2023 Elan Ripstick 116 Review
If it’s deep, this ski will float your boat
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This article was first published by SkiMag.com.
The Scores (out of 10)
- Overall Score: 7.34
- Rank: #8
- Flotation: 8.33
- Playfulness: 6.67
- Responsiveness: 7.44
- Quickness: 6.89
- Crud Performance: 6
- Stability at Speed: 6.59
- Forgiveness: 7.11
- Versatility: 6.56
- Price: $1,000
- Lengths: 177, 185, 193 cm
- Dimensions: 146-116-132 mm
- Radius: 20
- Level: Intermediate to Expert
In a Nutshell
- Pros: Flotation, Responsiveness
- Cons: Crud Performance, Stability at Speed
So you like to savor your powder days, dipping in and out of trees, and Mach speed isn’t your speed? Dial it to six and turn to the Ripstick 116, an intermediate to advanced ski for the skier craving a fun and playful tool. “The Ripstick is easy to understand and does what you tell it to,” said tester Nick Loomans, a former ski racer turned powder hound based in Utah. “I recommend this ski for someone who enjoys spending their powder day in bumps and trees at mellower speeds.”
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Trees, you say? Absolutely. We were blown away by how nimble and maneuverable the Ripstick 116 is, even in longer lengths, thanks to the proprietary Amphibio technology. By adding rocker to the outside edges of each ski, with traditional camber on the inside edge, Elan has created an asymmetrical ski shape that allows you to get out of your own way to initiate smooth, clean turns. (It swings around like a fat carving ski, said Utah-based Luke Larsen.)
“The Amphibio shape is kind of like strapping trampolines to your feet,” said tester Andy Trow. (He’s a geoscientist responsible for installing chairlifts all across North America. You can trust him.) “This is a playful, poppy, energetic ski that is fun and nimble without losing stability.” While testing in Utah’s Little Cottonwood Canyon, Trow couldn’t get enough of the soft chop, trees, and poppy moguls on the Ripstick 116, though he could have used more damping in the construction to keep the ski from running away from it.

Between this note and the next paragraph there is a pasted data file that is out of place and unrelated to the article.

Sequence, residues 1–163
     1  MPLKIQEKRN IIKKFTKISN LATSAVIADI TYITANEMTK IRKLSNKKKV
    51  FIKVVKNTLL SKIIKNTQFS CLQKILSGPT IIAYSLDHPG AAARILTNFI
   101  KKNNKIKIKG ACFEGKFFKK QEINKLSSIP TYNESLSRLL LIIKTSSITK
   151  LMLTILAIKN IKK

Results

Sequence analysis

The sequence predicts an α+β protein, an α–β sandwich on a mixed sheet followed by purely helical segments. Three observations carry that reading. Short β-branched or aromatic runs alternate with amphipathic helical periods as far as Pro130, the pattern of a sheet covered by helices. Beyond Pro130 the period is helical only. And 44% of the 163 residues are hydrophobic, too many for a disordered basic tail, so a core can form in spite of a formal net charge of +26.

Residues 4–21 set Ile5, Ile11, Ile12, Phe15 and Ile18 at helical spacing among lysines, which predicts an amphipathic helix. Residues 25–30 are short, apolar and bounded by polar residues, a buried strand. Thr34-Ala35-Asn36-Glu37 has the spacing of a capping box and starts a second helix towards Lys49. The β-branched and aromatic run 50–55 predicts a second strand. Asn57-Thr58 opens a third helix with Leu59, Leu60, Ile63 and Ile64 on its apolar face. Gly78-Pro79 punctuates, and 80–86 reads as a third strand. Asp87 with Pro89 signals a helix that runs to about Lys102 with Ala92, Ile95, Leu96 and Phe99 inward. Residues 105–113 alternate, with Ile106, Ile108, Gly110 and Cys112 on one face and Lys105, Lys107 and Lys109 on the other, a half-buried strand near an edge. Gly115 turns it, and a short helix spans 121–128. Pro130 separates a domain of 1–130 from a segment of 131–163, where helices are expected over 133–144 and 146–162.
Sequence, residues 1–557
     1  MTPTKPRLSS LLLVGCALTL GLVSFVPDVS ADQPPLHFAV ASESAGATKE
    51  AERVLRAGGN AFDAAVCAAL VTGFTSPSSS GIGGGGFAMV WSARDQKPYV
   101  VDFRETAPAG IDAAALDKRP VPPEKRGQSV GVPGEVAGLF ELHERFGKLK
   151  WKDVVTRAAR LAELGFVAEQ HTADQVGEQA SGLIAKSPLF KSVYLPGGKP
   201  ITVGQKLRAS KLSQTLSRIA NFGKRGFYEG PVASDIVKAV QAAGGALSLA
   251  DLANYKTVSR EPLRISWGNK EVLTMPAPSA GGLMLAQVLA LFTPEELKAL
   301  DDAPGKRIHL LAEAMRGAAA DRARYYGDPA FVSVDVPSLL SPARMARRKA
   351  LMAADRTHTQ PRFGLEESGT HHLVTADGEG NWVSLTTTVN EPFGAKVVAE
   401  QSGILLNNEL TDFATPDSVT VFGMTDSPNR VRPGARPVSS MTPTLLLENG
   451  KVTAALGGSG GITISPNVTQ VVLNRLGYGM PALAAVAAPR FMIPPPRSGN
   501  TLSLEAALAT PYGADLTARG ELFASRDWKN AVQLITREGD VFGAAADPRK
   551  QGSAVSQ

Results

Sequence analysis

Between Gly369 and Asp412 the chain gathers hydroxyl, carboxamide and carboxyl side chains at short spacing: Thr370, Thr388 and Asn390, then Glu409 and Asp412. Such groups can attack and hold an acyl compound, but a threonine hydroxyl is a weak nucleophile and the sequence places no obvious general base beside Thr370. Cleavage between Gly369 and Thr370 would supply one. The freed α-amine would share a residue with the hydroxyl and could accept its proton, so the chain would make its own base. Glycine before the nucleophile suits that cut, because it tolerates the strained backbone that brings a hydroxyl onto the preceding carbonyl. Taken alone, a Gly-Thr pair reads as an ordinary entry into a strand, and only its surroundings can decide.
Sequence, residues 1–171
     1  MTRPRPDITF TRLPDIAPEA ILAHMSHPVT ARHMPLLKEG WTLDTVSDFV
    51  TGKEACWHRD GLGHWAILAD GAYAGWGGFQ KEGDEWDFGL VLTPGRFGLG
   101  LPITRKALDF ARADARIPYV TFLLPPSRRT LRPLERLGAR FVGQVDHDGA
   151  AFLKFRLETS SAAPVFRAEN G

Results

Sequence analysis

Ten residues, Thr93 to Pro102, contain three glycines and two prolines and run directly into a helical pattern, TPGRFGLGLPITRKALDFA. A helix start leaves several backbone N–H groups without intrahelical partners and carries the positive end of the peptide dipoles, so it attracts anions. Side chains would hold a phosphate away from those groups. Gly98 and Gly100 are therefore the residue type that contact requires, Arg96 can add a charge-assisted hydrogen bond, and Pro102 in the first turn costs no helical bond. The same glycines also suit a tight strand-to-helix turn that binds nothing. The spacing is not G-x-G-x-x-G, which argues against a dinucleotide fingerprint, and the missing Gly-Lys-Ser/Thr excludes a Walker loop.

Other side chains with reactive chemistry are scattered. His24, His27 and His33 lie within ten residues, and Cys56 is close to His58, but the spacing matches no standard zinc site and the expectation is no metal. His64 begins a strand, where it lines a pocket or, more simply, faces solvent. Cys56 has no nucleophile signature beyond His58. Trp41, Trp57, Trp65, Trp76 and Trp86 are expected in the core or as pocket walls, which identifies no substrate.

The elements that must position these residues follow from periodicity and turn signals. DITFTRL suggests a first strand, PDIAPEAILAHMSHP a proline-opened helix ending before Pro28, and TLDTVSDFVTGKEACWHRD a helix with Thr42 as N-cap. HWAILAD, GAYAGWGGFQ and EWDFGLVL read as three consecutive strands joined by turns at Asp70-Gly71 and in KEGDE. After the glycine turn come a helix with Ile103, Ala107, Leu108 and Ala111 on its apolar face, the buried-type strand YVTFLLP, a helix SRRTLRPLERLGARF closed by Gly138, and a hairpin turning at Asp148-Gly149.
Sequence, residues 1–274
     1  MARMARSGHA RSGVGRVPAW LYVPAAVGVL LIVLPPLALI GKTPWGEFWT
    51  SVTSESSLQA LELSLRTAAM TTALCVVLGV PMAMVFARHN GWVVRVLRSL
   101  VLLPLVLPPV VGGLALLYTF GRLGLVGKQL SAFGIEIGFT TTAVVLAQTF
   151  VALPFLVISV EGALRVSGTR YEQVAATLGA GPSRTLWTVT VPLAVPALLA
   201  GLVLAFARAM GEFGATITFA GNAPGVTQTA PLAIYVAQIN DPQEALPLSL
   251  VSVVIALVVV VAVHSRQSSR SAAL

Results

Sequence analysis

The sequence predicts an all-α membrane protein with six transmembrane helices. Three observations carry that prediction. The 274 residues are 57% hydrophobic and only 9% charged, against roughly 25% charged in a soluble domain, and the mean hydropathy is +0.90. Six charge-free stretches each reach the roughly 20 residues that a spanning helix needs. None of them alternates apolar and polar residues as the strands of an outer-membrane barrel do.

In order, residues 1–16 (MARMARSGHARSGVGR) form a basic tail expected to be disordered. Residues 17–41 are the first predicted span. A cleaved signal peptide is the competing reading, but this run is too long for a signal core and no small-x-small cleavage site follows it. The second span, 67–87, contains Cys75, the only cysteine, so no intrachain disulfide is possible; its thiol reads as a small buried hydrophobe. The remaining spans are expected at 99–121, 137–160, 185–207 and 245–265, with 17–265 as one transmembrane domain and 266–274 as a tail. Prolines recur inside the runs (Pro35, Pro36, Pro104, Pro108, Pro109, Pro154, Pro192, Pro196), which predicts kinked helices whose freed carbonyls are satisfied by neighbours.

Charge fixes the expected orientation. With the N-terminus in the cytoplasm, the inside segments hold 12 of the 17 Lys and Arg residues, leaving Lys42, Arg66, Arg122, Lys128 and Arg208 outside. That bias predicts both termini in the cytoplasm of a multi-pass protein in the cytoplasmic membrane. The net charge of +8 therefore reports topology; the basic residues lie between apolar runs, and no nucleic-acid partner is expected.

Read more: Learn about how the Ripstick 116 stacked up against the competition
“Elan crushes it with the Ripstick collection and the 116 is no exception,” agreed tester Avery Pesce, GM of Boston Ski and Tennis. “The Amphibio profile makes this ski incredibly nimble in even the gnarliest of conditions. Whether it’s powder, mashed potatoes, crud, or even groomers, this stick can handle it.”
With that in mind, Elan meant for the Ripstick 116 to be a true powder ski. That’s where it rises to the occasion. “The flotation is off the charts,” said tester Brady Newton. If you’re skiing powder glades or open meadows (or better yet, wide open spaces in Alaska or B.C.), you’ll experience firsthand what we did: a lively, well-balanced ski that won’t drag you to the bottom.
To get that effect, Elan utilizes vertically placed ABS sidewall material above the edges from the tip to the tail of the ski combined with tip-to-tail carbon tubes running the length of the ski’s wood core, following the arc of the side cut to offer stability and a powerful rebound when coming out of the turn. “If you’re that lucky person who gets to get first tracks, go ahead and ride off into the sunset on these floaty boats,” said tester Scott Yorko, who has enjoyed his fair share of global powder days.
Testers agreed that this ski has an old-school feel that’s best for a skier who stands over the front of their ski—or, as tester Erika Northrop said, “anyone who knows their right from their left and loves to shred powder on the deepest days.”